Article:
The Teenie Harris Archive includes approximately 667 baseball images. The new exhibition will feature 25 highlights from the archive, including images of the Negro League teams such as the Pittsburgh Crawfords and the Homestead Grays, and the show is guest curated by Sean Gibson, the great-grandson of Crawford and Grays player Josh Gibson. Also featured will be Major League Baseball greats Jackie Robinson, Willie Mays, Roberto Clemente, Willie Stargell, Donn Clendenon, Roy Campanella, Curt Roberts, Ted Williams, and Minnie Minoso, among many others. Teenie Harris himself was a co-founder and shortstop for the Crawfords when they were known as the Crawford Colored Giants. We also include photos of Little League teams, women’s teams, managers, umpires, and everyday folks attempting their own grand slams.
If you’re like me, you think of baseball season with delight. I often laugh to myself remembering George Carlin’s famous description of baseball as a happier sport than most others—the wearing of “caps” vs. helmets, that you’re always “up” at bat vs. asking “what down is it?”, that it has no time limit, and that baseball’s objective is to “go home” and “be safe”! As he describes a “kind of picnic feeling” you get while sitting in the stands, I’m reminded of my own sunny summer days spent at Forbes Field. My little legs would burn in the sun, but I didn’t mind a bit, because I had my bag of roasted peanuts and cold soda pop to enjoy the game. My Dad would cheer on his beloved Pirates, and we’d enjoy a day filled with him explaining base hits and double plays.
To whet your appetite for the kinds of images you’ll see at the exhibition, here are just a few of the many baseball-related photos Teenie took all over the Pittsburgh area.
Selections from the Teenie Harris Archive are sometimes shared with the public in unexpected ways. This week we highlight the photos currently displayed in the recently opened SHOP ‘n SAVE market, in the heart of Pittsburgh’s Hill District. Seeing Teenie Harris images as you gather your groceries along the aisles of the new structure ties the past to the present in comfortable style. For those of us who grew up in the Hill District during Teenie’s prime, it was an all too common occurrence to bump into him taking photos on assignment for the Pittsburgh Courier, capturing newsworthy moments, entertainment, sports, social events, or personal portraits. And quite often, while you were shopping, as well.
When I was a youngster in the early 1960s, milk was delivered daily to your doorstep by the milkman, dressed all in white clothing. In addition, your local huckster stopped by your block several times a week with fresh produce and meat. To my delight, while browsing through the Archive several years ago, I happened to find a photo Teenie captured of the huckster (Phil Argento) I anxiously waited for several times a week as a little girl. This curbside shopping was accompanied by the small grocery stores that occupied many street corners in the neighborhood. But we also would take a trip to the big grocery chain store, which was at that time considered a far drive—about a mile or so away. At the big market we could indulge in fancy cheeses, unique produce like pineapples flown in from Florida, or California oranges. And my personal favorite—red Faygo soda pop—it was my treat if I behaved properly while on the shopping excursion. In those days, you wore nice clothes and perhaps even white gloves, and gentlemen helped you push your cart out of the store, even placing the bags in your car.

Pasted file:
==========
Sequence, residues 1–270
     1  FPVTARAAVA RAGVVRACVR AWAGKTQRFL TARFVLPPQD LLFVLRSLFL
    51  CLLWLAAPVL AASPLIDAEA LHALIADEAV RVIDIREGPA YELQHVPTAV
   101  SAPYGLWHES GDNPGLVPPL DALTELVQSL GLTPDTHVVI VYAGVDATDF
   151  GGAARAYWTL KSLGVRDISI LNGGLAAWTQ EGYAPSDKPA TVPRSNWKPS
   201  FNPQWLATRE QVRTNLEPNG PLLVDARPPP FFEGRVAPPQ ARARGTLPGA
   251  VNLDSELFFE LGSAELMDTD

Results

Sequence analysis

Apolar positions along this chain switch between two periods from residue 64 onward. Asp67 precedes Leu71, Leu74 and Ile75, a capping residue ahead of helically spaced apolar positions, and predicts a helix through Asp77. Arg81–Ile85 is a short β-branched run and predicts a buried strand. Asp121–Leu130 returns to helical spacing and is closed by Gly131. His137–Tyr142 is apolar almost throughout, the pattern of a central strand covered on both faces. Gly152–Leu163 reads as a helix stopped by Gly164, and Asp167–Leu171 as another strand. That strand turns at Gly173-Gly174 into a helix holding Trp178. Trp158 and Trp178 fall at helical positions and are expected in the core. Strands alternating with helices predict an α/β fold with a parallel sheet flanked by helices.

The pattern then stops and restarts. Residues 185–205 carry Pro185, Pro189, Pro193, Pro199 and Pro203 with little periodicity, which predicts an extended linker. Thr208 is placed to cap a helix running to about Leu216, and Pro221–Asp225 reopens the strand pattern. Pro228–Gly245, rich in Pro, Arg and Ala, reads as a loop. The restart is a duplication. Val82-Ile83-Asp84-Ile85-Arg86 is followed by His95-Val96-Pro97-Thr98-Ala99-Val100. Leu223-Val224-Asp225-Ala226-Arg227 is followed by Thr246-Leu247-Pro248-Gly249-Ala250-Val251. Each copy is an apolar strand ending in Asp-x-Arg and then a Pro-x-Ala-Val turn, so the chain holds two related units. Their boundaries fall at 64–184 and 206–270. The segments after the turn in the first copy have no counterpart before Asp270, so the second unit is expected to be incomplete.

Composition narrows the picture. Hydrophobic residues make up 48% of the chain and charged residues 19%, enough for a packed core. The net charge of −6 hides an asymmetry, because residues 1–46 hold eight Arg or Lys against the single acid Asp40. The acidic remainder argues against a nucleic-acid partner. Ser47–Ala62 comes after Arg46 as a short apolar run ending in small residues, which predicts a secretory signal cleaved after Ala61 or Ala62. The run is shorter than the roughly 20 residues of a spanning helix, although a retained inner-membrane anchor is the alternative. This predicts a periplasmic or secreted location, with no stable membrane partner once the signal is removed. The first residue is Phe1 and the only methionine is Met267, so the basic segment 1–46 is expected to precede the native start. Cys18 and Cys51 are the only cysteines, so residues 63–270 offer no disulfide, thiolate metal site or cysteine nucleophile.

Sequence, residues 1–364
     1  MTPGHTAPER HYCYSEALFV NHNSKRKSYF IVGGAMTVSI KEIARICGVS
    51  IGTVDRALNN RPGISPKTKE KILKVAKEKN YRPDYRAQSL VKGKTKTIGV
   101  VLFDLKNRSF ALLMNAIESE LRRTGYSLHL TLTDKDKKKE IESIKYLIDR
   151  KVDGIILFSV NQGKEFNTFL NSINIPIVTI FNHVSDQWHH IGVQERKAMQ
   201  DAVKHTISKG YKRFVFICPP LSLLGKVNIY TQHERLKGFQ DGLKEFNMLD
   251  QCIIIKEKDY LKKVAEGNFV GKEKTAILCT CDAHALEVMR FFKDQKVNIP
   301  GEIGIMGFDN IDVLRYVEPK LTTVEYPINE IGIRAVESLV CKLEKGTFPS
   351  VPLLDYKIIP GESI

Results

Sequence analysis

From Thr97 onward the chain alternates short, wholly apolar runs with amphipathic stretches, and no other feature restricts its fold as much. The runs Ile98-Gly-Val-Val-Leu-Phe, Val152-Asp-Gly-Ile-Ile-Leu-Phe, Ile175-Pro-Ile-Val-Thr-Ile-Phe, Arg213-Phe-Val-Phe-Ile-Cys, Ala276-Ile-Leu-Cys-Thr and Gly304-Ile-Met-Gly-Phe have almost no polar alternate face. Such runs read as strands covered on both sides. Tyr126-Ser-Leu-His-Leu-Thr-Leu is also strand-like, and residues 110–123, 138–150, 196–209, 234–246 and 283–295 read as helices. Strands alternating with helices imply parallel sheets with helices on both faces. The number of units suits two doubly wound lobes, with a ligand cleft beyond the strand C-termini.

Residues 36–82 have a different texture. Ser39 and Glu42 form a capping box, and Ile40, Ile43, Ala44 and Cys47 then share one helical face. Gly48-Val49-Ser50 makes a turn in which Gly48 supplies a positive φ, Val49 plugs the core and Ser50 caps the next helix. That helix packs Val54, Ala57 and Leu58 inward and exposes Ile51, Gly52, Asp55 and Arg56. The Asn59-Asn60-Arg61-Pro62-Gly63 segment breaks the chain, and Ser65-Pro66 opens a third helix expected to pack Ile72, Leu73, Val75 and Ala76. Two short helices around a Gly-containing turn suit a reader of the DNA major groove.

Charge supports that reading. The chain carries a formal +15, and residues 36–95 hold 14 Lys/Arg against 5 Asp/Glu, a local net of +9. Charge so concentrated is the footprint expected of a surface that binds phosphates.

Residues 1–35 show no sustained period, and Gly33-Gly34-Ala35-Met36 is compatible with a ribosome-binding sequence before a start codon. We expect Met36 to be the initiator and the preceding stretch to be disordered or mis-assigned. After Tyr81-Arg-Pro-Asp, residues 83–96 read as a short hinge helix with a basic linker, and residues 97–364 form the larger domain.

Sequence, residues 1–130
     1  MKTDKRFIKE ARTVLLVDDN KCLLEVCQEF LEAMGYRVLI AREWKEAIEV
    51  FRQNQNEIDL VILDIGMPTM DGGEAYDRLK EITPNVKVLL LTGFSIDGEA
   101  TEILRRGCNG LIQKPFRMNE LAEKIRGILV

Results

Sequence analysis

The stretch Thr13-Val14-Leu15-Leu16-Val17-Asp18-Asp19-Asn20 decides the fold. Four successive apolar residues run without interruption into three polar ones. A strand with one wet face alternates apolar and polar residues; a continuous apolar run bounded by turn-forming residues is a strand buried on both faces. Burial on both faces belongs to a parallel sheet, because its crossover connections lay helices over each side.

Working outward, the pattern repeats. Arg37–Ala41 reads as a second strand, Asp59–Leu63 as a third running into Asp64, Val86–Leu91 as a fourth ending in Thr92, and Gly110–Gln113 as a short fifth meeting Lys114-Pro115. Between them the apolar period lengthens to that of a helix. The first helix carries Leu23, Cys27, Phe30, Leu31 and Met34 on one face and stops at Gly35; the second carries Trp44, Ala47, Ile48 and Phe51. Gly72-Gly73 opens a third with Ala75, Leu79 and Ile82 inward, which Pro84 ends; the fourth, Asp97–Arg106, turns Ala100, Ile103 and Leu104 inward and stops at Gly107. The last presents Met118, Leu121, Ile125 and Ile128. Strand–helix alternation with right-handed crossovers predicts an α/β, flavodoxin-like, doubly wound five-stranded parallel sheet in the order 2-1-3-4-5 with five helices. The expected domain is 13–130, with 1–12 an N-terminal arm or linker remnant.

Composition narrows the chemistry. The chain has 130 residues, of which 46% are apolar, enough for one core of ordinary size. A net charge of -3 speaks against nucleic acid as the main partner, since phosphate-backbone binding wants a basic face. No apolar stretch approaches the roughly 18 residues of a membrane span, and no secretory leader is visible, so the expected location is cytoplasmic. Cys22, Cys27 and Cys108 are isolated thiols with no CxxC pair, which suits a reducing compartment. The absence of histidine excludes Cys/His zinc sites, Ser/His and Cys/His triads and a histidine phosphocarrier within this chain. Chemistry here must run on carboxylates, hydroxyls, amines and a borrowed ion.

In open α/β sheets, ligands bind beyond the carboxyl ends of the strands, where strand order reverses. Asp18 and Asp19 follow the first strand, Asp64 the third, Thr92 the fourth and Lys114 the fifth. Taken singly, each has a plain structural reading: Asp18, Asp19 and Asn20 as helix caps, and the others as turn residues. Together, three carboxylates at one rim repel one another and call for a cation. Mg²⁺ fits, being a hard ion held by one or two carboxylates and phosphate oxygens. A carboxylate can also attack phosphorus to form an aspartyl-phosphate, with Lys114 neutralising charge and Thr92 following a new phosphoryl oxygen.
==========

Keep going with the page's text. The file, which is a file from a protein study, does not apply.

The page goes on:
Times have obviously changed, and the Hill District, like all the other neighborhoods, lost their hucksters and milkmen long ago. But sadly even the large grocery chain lying within a close distance had disappeared for way too long. With the opening of the new SHOP ‘n SAVE, it offers easier access to the Hill residents, especially for those who must tote their packages on public transportation or pay for jitneys or other cab services. How appropriate that some of its native son’s photos are now hanging in this particular store. I think about how often Teenie was seen shooting photos in the very spot where the store sits today, and all along Centre Avenue where his studio once existed. And how awesome it is that his photos of a streetcar on Herron Avenue, jazz musicians, children crossing the street from school or eating a humble meal, and a former store of the 15219 area code were selected to tie two centuries together. Having known Teenie, I would venture to say he would be proud, not particularly because of how artistically (in fact) he captured such scenes, but more so that the Hill District now had a place to call its own, once again.